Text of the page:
What property indices and car sales data don`t tell you
Is the residential property market in fairly good shape while the automotive market is struggling?
At first glance, the most widely cited data tracking the performance of the property market and new vehicle sales seem to suggest that.
According to the FNB House Price Index released earlier this week the average house price for August rose 5.4% year-on-year. This represents the 7th consecutive month of gradual slowing, but the bank points out that while the pace of improvement has reduced, “it should not be confused with a deteriorating market”.
Data from Absa Home Loans note that growth in the average nominal value of houses in middle-segment categories of the residential market varied between 6.5% and 8.5% year-on-year in the first seven months of the year.
At the same time figures released by the Department of Trade and Industry indicate that new vehicle sales declined 1.4% year-on-year to 55 722 vehicles in August. This brings the decline in new vehicle sales in the year to date to 4.3% year-on-year.
A direct comparison of the performance of these two markets is difficult. The data measure different aspects of performance and it is somewhat problematic to try and compile a tool that would allow for an “apples with apples” comparison. Merely focusing on growth numbers could be misleading.
John Loos, household and property strategist at FNB, says new vehicle sales growth materialised earlier after the economic downturn as vehicle affordability did not deteriorate nearly as much as home affordability during the boom years because of the “unlimited” supply. It was easier to import more cars or increase production.
The housing market on the other hand couldn’t keep up with the pace of demand during the good times, house price inflation surged significantly and it hasn’t really corrected downwards in a meaningful way, he notes.
As a result the housing market was worse off in terms of affordability (compared to the vehicle market) which led to a much slower pace of volume recovery in the housing market.
Moreover, for a lot of South Africans a car is a bigger priority than a house, he says.
Public transport is insufficient and where aspirant first time home buyers can’t yet afford a house, they can stay home with their parents or rent for longer, but they will likely need a car, Loos notes.
Therefore the recovery in the housing market has been slower – the first priority was to replace aging vehicles and for newcomers to enter the car market as soon as interest rates came down.
However, the replacement cycle has now largely been complete.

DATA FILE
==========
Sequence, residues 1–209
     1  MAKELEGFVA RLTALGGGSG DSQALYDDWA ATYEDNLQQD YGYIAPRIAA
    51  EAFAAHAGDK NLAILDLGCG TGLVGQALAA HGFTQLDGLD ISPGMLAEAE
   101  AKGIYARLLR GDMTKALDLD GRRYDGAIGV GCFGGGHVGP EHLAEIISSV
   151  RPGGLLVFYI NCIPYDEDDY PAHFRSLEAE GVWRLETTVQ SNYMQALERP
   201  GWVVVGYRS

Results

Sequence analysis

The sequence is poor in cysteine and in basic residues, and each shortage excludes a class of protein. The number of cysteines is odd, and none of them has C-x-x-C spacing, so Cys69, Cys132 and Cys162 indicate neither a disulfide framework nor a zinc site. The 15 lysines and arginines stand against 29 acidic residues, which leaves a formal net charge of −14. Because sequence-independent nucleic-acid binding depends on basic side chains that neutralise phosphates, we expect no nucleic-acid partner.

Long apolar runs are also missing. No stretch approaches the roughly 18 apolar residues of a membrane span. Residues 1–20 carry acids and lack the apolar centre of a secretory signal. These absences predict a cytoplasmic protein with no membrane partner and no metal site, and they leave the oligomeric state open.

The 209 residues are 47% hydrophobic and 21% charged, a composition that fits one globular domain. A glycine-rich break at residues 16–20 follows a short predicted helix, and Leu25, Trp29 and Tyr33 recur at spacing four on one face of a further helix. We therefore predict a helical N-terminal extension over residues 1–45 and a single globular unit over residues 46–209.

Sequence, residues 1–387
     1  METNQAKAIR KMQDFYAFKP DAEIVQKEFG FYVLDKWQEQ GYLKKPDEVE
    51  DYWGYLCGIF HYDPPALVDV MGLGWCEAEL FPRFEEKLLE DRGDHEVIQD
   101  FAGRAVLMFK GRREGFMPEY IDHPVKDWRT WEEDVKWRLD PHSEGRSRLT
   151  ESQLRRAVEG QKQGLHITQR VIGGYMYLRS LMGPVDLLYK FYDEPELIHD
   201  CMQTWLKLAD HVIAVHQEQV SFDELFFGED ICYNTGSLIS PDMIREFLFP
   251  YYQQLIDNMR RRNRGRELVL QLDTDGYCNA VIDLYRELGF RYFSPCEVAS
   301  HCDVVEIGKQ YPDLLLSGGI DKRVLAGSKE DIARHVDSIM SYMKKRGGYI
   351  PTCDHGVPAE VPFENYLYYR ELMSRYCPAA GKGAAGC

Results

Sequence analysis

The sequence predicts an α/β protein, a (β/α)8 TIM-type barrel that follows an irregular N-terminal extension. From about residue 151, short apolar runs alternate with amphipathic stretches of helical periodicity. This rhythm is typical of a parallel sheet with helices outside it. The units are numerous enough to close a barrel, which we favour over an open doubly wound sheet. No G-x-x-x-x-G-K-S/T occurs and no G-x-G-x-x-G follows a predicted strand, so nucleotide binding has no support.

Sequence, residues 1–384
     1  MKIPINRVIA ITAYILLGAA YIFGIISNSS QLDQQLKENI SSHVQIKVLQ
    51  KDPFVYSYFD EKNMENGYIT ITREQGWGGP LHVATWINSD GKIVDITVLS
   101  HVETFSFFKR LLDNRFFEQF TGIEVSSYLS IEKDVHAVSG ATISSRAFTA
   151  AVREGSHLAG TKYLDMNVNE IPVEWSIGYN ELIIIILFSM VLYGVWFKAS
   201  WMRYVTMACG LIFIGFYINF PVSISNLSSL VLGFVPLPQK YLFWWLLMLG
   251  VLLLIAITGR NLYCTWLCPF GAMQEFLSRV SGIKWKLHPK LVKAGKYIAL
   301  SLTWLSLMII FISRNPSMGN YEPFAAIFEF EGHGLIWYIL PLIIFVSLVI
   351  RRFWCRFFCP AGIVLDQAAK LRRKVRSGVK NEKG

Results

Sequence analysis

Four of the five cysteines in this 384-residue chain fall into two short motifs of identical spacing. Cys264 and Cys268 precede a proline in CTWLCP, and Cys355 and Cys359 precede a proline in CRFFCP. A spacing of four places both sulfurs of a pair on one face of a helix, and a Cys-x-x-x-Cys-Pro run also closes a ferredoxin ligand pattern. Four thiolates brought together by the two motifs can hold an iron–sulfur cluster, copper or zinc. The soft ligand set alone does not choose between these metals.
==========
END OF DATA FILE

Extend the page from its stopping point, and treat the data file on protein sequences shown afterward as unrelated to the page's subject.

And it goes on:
Christie Viljoen, senior economist at NKC Independent Economists, adds that recent strike action has been to the detriment of new vehicle market. In the last year the depreciation of the rand also led to new vehicle price inflation outpacing official inflation numbers. This has negatively affected sales volumes.
The current situation
Loos says in a way the housing market still reflects a weak consumer situation. Volumes and new residential building completions are still relatively low compared to the boom years.
He says the fact that house price growth has remained in single digits over the last couple of years despite extremely low interest rates highlights the financial constraint faced by the household sector.
While some estate agents maintain that the property market is performing well, one should also keep in mind that there are considerably less estate agents operating in the market than during the boom period, he says.
The residential property market is still propped up by very low interest rates.
“Will it maintain its strength if interest rates were to rise by two, three, four percentage points? I doubt it. It will weaken quite substantially,” Loos says.
He says the significant stimulus injected into the world economy and the local economy has supported both markets.
But with the stimulus for the world economy about to be witdrawn, and the stimulus for the local economy gradually being withdrawn one should expect some weakening, Loos says.
Viljoen expects new vehicle sales to continue on its negative growth trajectory for the remainder of the year while rising interest rates will likely also result in a muted situation next year. He also expects average house price growth to remain on current levels for the next few months.
- I am a qualified Attorney. I specialise in Property Law, Commercial Law, Corporate Law and Trusts.Please visit our website at www.prop-law.co.za for more details.
I am the elected Chairman on the Gauteng Council of SAPOA. The South African Property Owners Association (SAPOA) is the biggest and most influential institution in the property industry. SAPOA members control about 90% of commercial property in SA, with a combined portfolio in excess of R150 Billion (about $22 Billion). I am also on the National Council and the National Legal Committee of SAPOA.Member of the Institute of Directors South Africa and Member of the Sirdar Governance Panel.
05 September 2014
I am a qualified Attorney. I specialise in Property Law, Commercial Law, Corporate Law and Trusts.
Please visit our website at www.prop-law.co.za for more details.
I am the elected Chairman on the Gauteng Council of SAPOA. The South African Property Owners Association (SAPOA) is the biggest and most influential institution in the property industry. SAPOA members control about 90% of commercial property in SA, with a combined portfolio in excess of R150 Billion (about $22 Billion). I am also on the National Council and the National Legal Committee of SAPOA.
Member of the Institute of Directors South Africa and Member of the Sirdar Governance Panel.